One person who hasn't moved on from the events of a year earlier is a man named Jim Ogilvie, former brother-in-law of the man he knew as Henry Morrison. Ogilvie is still on the trail of the man who killed his sister and her children, getting the newspaper to publish a follow-up article on the unsolved case, talking to a detective about it, discovering that the police believe the Morrison murders weren't the first time this killer wiped out a family, getting a gun and practicing at a firing range...

I love the fact that someone is after Jerry. Considering how serious what he did was, and that it probably wasn't the first or second time he did it, it makes sense that someone would be trying to find him.

Ogilvie knows that, much like John List, Henry Morrison was without a job for quite a while before he killed his family, but would still go out during his regular working hours and return home at the normal time. Ogilvie feels that the killer used this time to set up the new life that he escaped into, and has figured out that he must be living within a certain radius that could be traveled during daily working hours.

It's a stretch, but he's actually right.

This is something that the police should have thought of. It should've been obvious, really. Also, the newspaper should've shown Jerry's picture in the article Ogilvie gets them to publish. I don't get why they wouldn't want to.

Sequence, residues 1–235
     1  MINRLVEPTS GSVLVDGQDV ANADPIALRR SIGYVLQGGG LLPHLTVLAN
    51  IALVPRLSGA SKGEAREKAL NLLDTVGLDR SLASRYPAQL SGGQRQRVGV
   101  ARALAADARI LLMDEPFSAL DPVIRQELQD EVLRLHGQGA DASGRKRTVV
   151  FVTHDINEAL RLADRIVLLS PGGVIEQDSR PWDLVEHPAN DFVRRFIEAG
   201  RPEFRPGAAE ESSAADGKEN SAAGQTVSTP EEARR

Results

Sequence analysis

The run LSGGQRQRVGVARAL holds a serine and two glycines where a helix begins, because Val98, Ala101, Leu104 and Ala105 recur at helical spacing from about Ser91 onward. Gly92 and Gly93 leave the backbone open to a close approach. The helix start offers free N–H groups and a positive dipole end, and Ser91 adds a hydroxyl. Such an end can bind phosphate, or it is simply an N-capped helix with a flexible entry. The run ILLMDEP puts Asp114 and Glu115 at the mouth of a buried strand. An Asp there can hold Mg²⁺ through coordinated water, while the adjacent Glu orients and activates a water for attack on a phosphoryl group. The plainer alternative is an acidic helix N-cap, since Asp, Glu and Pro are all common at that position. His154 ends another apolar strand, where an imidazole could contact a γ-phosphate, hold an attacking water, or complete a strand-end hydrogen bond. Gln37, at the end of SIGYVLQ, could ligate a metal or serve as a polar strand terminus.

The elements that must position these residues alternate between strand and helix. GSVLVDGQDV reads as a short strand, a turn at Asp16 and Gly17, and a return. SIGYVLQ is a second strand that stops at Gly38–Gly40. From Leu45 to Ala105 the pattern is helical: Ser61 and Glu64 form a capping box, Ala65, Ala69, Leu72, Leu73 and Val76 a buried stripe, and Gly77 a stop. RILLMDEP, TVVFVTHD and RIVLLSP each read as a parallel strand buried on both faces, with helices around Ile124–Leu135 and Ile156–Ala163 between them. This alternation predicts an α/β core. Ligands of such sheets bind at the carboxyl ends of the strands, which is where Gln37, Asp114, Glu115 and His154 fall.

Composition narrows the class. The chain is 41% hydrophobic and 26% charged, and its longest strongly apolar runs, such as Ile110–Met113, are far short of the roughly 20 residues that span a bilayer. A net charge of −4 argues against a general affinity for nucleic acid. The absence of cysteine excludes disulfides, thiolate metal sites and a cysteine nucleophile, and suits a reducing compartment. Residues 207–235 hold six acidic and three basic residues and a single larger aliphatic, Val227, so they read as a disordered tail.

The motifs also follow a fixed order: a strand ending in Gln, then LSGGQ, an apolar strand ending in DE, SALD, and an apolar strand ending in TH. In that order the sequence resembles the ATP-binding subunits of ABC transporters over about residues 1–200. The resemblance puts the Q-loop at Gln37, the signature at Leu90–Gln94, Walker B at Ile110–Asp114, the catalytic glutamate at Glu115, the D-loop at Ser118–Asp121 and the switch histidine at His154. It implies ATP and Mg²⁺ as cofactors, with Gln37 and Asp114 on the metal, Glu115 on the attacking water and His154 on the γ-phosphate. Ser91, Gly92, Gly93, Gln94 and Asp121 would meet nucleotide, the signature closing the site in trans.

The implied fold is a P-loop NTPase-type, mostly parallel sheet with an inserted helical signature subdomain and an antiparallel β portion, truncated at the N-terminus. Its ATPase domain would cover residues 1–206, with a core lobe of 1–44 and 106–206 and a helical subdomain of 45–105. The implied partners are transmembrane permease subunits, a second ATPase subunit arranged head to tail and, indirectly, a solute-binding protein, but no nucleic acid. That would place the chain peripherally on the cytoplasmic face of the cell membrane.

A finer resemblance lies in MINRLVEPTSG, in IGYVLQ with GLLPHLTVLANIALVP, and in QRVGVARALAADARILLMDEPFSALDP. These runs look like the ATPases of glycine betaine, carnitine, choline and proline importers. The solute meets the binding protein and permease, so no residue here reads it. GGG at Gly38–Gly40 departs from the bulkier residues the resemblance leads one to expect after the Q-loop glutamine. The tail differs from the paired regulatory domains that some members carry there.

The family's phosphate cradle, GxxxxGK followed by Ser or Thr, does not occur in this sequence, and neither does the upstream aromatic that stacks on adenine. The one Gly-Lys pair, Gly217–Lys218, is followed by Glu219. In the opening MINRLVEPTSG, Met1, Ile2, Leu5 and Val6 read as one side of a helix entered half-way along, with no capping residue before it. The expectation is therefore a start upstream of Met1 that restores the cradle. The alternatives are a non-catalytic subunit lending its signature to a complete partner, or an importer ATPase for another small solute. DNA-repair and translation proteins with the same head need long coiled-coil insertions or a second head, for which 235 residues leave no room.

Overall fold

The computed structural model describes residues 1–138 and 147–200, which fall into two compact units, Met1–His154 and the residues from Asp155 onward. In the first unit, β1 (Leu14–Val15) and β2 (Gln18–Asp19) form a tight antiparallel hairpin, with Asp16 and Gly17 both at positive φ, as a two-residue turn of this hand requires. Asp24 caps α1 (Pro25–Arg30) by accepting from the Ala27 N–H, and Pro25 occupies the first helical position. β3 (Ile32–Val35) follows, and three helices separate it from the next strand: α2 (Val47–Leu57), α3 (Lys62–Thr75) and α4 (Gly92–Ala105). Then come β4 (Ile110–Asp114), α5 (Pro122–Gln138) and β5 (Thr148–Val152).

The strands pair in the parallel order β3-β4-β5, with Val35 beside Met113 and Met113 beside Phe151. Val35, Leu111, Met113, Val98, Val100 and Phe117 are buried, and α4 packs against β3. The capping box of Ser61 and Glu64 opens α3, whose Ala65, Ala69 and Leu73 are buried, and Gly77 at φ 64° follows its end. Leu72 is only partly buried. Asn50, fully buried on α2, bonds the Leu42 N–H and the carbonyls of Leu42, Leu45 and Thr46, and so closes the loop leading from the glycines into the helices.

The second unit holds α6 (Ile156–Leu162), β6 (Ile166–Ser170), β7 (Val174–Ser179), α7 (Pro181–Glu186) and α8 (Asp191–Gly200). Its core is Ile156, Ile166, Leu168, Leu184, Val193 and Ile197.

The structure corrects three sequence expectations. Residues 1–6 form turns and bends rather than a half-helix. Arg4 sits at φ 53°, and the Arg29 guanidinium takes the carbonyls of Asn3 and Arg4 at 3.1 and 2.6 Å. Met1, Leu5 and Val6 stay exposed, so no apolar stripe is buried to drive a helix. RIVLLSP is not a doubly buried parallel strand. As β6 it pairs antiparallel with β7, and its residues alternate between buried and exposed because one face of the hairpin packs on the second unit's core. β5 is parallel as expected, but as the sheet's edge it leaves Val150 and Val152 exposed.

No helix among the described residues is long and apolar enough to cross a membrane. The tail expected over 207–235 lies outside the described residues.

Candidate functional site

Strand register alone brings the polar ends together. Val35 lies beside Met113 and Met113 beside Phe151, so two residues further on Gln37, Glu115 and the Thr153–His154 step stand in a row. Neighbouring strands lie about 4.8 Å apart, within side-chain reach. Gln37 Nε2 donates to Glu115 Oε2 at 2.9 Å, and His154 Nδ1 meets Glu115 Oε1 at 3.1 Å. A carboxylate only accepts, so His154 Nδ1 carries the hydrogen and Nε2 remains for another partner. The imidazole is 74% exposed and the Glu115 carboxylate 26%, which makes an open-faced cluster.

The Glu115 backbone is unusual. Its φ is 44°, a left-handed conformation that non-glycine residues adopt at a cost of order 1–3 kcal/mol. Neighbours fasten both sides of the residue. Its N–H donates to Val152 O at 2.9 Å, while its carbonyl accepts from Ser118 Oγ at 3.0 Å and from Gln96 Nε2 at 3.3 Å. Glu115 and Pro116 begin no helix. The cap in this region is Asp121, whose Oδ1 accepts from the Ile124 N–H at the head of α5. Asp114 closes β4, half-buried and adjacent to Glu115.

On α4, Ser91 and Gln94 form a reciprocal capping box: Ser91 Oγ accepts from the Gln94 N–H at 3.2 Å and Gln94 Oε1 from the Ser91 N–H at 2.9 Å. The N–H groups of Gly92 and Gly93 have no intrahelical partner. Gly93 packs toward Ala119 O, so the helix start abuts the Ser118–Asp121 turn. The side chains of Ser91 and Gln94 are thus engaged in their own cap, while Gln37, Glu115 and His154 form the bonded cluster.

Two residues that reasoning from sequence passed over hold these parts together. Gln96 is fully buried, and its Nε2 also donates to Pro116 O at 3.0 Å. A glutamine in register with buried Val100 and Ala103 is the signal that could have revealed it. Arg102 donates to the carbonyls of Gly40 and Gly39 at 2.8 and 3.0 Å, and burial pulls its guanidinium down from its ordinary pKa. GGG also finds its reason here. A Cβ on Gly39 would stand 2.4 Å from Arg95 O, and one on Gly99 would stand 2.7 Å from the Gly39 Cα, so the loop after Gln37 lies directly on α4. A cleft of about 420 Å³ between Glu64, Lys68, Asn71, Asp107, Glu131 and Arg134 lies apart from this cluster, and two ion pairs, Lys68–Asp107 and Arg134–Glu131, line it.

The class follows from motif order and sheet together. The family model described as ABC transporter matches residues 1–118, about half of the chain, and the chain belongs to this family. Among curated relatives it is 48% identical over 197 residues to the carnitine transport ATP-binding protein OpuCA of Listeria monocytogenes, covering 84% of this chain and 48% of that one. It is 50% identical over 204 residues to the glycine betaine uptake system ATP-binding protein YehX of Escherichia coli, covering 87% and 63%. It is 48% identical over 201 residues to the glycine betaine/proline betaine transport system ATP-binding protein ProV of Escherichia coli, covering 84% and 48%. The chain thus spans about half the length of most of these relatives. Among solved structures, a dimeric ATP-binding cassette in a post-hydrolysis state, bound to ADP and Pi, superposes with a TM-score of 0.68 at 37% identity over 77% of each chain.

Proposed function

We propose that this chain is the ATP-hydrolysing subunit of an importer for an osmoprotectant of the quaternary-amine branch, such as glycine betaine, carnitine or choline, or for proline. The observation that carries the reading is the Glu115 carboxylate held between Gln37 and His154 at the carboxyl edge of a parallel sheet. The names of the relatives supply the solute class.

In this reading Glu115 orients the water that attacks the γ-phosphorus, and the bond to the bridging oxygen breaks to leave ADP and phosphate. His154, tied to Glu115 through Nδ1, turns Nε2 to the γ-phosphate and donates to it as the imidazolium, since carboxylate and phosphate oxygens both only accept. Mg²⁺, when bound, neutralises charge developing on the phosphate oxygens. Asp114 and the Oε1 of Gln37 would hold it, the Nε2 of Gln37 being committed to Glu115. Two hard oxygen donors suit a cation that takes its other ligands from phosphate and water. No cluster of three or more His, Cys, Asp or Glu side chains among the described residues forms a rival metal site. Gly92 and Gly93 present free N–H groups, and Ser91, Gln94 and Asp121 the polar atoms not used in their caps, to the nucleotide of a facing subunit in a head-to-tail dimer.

As imperfect situations and stressful scenarios pile up, Jerry Blake's mask of sanity begins to slip, and Stephanie takes notice of things. Like the way he goes off on raging rants in his basement work shop...

His fits are very bothersome.

Or his reaction to the newspaper article about the murders. His comment that the victims must have "disappointed" their homicidal stepfather. She's on the case just as much as Ogilvie is.

Jerry's reaction to the newspaper gives away that he might have something to do with it. Maybe only a troubled teenager would think that way, desperately trying to justify the way she feels about him and get rid of him, but she was right. And I find the way that she tries to discover more about it such an endearing reminder of how different things were back then. She writes a letter, by hand, to the newspaper and gets a response by mail a few days later. In the era of easy access to any type of information, with internet,'s just nice to remember how things were. How times have changed.